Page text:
plugins: {
        router: '/src/lib/router.js'
      }
	})
  });

  it('checks if the component has been mounted', function(browser) {
    expect(component).to.be.present;
    expect(component).to.have.property('newArrivals');
	expect(component).text.toContain('The Memory Police')

    expect.elements('div.col-md-6').count.toEqual(4);       expect(component.property('newArrivals')).to.be.an('array').with.length(1);   
  });
});

Step 4 – End-to-End Testing the Vue.js App

We are nearing the end of this tutorial but before we can consider we have a working Vue.js app, we need to add support for end-to-end testing and set up a CI pipeline on Github Actions.

Fortunately, we don’t need to insta or configure any other tools, except some fancy reporters, but for now we can get everything we need in terms of end-to-end automated testing out of Nightwatch. Besides Chrome, Nightwatch has built-in support for all major browsers, including Firefox, Edge, and Safari, all thanks to its integration with the W3C Webdriver API and Selenium. It also allows you to use distributed cloud testing platforms like BrowserStack, SauceLabs, CrossBrowserTesting, or LambdaTest.

For now, we’ll keep things less complex and we’ll only focus on writing a few basic automated tests and run them in Chrome, Firefox, and Safari.

Writing the Homepage End-to-end Test

Let’s get started with the homepage end-to-end test and create a new file under test/e2e/homePageTest.js. The syntax is the same as for the component test, but for running the end-to-end tests we’ll use the compiled build of our application.

We can of course run them against the dev build, but the established practice in software development, as far as I can tell, is to run the end-to-end tests in an environment that simulates the production with reasonable precision. This is why they’re called end-to-end tests I suppose, to run them against the end product.

Running the Production Build

To run the production build we have two options and each of them involves running a Vite command, which is wrapped in NPM tasks.

  1. npm run build - this will generate the index.html and the other static assets. You can use this option if you already have a local webserver set up.
  2. npm run preview - this will generate a production build and run it using the built-in dev server, by default at http://localhost:5000.

The second option is clearly more straightforward and so let’s just run the preview command and see what happens:

$ npm run preview

> [email protected] preview /Users/andrei/workspace/vue-bookstore
> vite preview

  > Local: http://localhost:5000/
  > Network: use `--host` to expose

Writing the Test Script

Now that we have a production-ready build running, we can start writing the actual test in test/e2e/homePageTest.js.

We’ll start small, with just the below:

describe('Homepage End-to-end Test', () => {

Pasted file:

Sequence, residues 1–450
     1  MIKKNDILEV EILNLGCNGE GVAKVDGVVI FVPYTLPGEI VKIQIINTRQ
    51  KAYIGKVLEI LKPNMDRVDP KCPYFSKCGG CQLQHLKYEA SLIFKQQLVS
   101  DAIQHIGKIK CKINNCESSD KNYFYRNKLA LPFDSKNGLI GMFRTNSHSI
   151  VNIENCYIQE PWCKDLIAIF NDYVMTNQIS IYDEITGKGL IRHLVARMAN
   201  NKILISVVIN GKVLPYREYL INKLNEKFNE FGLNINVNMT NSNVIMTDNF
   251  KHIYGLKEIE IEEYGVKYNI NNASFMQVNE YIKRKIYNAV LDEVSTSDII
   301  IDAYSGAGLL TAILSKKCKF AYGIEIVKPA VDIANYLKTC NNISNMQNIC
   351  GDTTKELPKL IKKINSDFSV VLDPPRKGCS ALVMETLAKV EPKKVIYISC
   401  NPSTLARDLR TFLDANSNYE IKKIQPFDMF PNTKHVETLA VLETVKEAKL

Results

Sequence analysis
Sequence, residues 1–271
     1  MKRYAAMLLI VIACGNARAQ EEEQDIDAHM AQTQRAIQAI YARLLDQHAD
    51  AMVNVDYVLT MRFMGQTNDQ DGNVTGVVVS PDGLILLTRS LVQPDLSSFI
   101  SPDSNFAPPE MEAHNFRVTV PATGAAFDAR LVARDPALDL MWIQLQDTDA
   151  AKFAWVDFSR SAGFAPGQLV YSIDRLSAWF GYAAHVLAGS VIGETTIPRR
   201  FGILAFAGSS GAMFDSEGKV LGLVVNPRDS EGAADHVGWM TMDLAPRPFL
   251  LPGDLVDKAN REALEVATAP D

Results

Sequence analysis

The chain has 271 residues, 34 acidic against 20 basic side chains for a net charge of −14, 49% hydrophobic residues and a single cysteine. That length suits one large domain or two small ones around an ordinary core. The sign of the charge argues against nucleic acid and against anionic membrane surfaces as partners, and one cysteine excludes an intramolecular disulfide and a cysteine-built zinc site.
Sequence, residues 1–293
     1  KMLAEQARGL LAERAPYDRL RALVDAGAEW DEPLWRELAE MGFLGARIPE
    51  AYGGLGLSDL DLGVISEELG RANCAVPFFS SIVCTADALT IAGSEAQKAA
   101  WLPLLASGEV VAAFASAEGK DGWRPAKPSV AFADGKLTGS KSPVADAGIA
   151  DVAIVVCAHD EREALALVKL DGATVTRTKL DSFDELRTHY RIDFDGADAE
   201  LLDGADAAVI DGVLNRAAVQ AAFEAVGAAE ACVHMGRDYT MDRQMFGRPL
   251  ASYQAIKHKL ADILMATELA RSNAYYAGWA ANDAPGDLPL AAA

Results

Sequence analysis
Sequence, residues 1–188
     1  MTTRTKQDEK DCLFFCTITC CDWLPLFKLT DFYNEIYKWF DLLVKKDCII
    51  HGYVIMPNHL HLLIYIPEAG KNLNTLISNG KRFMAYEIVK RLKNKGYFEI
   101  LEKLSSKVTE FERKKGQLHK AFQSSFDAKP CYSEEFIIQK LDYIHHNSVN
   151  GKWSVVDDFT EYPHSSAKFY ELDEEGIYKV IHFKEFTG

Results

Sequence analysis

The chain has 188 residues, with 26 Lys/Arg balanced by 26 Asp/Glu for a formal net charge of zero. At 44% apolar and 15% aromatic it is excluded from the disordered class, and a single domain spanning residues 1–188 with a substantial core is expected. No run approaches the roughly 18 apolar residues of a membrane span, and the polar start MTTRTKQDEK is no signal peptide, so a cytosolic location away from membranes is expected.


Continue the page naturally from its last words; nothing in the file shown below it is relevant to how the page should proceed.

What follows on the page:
it('tests if homepage is loaded', browser => {
    browser
      .navigateTo('http://localhost:3000')
      .assert.visible('#app .new-arrivals-panel')
      .expect.elements('#app .new-arrivals-panel .col-md-6').count.toEqual(4)
  });

  it('adds 2 volumes of "Rhinoceros and Other Plays" to cart', browser => {
    browser
      .click('.new-arrivals-panel .col-md-6:nth-child(2) button.add-to-cart')
      .click('.new-arrivals-panel .col-md-6:nth-child(2) button.add-to-cart')
      .assert.textEquals('.shopping-cart .badge', '2');
  });

  after(browser => browser.end());
});

The test verifies if the New Arrivals panel is displayed on the page and that it contains all 4 entries which we’ve already seen.

Running the Test Script in Chrome

To run this in Chrome, the command is very similar to the one for the component test:

npx nightwatch test/e2e/homePageTest.js --env chrome

And the output will be:

[Homepage End-to-end Test] Test Suite
──────────────────────────────────────────────────────────────
ℹ Connected to ChromeDriver on port 9515 (2454ms).
  Using: chrome (97.0.4692.99) on MAC OS X.


  Running tests the homepage:
──────────────────────────────────────────────────────────────
  ✔ Testing if element <#app .new-arrivals-panel> is visible (157ms)
  ✔ Expected elements <#app .new-arrivals-panel .col-md-6> count to equal: "4" (18ms)

OK. 2 assertions passed. (765ms)

Running the Test Script in Firefox

If we’d want to also run our end-to-end tests in the Firefox browser, we only need to install the GeckoDriver (the Firefox specific implementation of the W3C WebDriver API). No other config is necessary to get it working unless you would like to customize it further.

So let’s go ahead and install it from NPM:

npm i geckodriver --save-dev

And then run Nightwatch with the following command:

npx nightwatch test/e2e/homePageTest.js --env firefox

And the output:


[Homepage End-to-end Test] Test Suite
──────────────────────────────────────────────────────────────
ℹ Connected to GeckoDriver on port 4444 (1737ms).
  Using: firefox (96.0.2) on MAC (20.6.0).


  Running tests the homepage:
──────────────────────────────────────────────────────────────
  ✔ Testing if element <#app .new-arrivals-panel> is visible (54ms)